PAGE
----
There are a few rare places in this country where the weight of human history bears down upon the present, squeezing through the years and becoming intertwined with everyday life. Walking through a place like that, you might turn a corner and find yourself transported hundreds of years into the past where everything around you – the buildings, the smells, the people, and the feeling – are right out of a history book. Many of those places are associated with positive events of historical significance and impart a feeling of pride in their association. But there are other places, dark places, where you know immediately once you set foot there that you don’t belong, are not wanted, and should not be there. Back alleys with dim lights, unsavory people, and bad juju that scream trespass to anyone not invited.
This beer is one of those places.
I find that a lot of IPA’s tend to get lost in the shuffle. Any style can become overdone, and many decent beers get lost in the crowd, leading to grandstanding and taglines to stand out. Some go for over the top hops, grabbing your attention with bitterness. Some have a gimmick, such as an unusual spice addition or a punny name. Others resign themselves to being what they are – just another beer.
Somehow, Boulder Beer has managed to avoid all the clichés and end up with an incredible, memorable IPA. The flavor of the Mojo is spot on. It’s brewed with Amarillo hops, and it’s pretty apparent – this is a citrusy, grapefruity beer. It hits you up front with great bite that is exacerbated by the strong carbonation, smooths out to get you that delicious grapefruit taste, and then drops off the shelf into the depths of bitterness. But after that bitterness comes what intrigues me most about this beer – the taste, the mouthfeel, the overall impression is that this is an old beer. It knows something you don’t, and it comes through in the earthy, musty, swampy flavor that lingers for some time after your last taste. Immediately after my first sip, I felt as if I’d walked into the wrong bar in the back alleys of New Orleans and was handed this beer by a creepy, wily looking Cajun bartender. Halfway through the beer, I felt like I was drinking something that wasn’t meant for me – it was as if I was out of my territory involved in something dangerous and disturbing. By the time I was finished, I was sitting on an overstuffed red couch surrounded by fabric draped walls, cigarette smoke, and unknown back alley deals. I felt as if I’d been in the presence of some powerful voodoo left over from hundreds of years of people practicing black magic that had somehow seeped into the essence of this beer.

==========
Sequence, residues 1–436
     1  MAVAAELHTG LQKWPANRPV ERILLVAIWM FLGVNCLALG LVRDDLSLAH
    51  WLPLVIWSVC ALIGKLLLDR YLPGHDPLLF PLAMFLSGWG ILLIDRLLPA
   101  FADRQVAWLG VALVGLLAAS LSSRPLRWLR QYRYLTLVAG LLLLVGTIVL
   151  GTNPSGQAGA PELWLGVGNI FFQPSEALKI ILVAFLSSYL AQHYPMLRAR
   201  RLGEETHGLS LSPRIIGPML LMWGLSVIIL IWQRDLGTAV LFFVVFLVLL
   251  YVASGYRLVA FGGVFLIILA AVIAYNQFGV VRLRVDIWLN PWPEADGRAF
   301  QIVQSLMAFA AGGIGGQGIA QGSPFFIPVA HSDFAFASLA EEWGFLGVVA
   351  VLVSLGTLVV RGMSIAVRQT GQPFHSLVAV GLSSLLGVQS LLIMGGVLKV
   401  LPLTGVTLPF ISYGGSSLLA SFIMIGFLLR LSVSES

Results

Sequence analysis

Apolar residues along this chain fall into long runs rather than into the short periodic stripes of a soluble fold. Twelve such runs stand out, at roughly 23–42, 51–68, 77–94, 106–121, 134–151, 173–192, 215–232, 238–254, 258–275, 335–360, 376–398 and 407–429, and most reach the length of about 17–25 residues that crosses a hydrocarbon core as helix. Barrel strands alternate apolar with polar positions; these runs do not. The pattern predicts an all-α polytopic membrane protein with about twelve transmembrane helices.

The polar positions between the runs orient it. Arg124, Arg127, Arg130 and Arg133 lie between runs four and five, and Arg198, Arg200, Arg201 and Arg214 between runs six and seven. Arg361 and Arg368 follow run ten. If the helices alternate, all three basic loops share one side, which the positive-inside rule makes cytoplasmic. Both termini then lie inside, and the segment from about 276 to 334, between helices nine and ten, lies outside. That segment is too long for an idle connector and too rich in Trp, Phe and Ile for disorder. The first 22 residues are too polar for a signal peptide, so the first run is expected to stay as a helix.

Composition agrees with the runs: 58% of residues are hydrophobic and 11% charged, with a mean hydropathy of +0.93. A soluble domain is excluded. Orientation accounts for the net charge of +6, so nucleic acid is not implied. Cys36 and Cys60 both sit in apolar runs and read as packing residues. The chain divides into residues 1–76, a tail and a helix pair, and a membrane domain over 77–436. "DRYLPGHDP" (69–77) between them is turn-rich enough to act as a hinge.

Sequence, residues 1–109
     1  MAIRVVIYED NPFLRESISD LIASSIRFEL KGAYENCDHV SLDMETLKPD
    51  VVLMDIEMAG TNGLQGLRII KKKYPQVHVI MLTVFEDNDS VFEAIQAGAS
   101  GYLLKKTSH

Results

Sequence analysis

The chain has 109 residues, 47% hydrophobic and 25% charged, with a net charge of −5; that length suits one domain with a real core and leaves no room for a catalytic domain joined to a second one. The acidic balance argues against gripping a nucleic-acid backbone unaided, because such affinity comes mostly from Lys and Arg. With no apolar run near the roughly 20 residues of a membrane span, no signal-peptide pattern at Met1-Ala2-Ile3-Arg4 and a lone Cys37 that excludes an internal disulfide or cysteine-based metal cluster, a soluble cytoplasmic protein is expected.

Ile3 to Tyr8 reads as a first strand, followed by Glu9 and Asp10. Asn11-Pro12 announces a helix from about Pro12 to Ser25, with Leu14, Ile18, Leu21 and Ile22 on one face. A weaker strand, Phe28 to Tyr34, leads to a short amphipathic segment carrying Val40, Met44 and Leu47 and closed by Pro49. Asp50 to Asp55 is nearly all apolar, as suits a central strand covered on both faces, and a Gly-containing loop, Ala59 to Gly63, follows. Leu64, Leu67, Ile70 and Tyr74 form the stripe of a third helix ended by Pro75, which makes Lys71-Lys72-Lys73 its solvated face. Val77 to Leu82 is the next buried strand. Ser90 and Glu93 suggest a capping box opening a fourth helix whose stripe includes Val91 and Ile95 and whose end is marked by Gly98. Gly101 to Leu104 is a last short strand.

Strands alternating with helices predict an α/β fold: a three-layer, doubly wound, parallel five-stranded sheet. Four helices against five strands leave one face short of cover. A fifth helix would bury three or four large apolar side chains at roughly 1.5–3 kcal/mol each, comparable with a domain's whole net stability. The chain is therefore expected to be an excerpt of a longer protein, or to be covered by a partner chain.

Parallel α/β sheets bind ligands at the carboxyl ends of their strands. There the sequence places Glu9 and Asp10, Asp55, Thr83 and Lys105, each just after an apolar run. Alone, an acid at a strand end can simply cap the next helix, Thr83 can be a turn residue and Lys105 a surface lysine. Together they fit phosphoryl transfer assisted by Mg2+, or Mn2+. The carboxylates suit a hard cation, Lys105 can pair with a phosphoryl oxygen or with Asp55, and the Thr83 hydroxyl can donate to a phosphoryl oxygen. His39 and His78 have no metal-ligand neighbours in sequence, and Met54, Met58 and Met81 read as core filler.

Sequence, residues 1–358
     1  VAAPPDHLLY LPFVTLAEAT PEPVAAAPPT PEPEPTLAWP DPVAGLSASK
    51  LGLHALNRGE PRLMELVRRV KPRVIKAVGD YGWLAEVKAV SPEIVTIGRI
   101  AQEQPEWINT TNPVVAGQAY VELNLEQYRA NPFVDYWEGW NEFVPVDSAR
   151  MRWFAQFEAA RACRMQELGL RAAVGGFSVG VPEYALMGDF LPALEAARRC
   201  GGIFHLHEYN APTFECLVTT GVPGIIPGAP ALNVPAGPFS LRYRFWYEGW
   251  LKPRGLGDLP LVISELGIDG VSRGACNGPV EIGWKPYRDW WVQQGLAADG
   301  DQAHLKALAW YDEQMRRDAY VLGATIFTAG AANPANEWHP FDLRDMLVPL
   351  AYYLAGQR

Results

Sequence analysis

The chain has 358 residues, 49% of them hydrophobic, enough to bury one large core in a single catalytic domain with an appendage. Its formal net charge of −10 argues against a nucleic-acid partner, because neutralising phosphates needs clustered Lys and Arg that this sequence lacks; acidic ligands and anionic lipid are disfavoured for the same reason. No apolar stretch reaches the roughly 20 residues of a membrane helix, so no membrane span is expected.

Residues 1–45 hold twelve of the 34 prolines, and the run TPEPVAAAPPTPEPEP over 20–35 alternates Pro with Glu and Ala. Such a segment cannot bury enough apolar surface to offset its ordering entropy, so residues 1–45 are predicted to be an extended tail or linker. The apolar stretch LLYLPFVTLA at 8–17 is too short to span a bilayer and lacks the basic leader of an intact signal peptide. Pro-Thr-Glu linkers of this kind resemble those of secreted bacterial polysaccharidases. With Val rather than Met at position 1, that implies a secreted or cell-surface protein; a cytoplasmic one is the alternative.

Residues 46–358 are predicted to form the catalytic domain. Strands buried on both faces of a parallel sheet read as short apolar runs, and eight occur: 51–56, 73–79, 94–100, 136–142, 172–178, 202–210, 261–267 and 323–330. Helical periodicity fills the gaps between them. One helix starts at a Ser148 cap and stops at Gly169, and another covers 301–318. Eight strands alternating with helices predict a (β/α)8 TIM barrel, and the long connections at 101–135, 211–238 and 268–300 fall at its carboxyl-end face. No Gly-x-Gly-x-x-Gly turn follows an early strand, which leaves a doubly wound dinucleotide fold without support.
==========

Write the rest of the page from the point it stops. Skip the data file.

I realize Boulder is in Colorado, but no one can convince me they didn’t get some old wizened bayou priestess to help them infuse the flair of The Big Easy into this brew.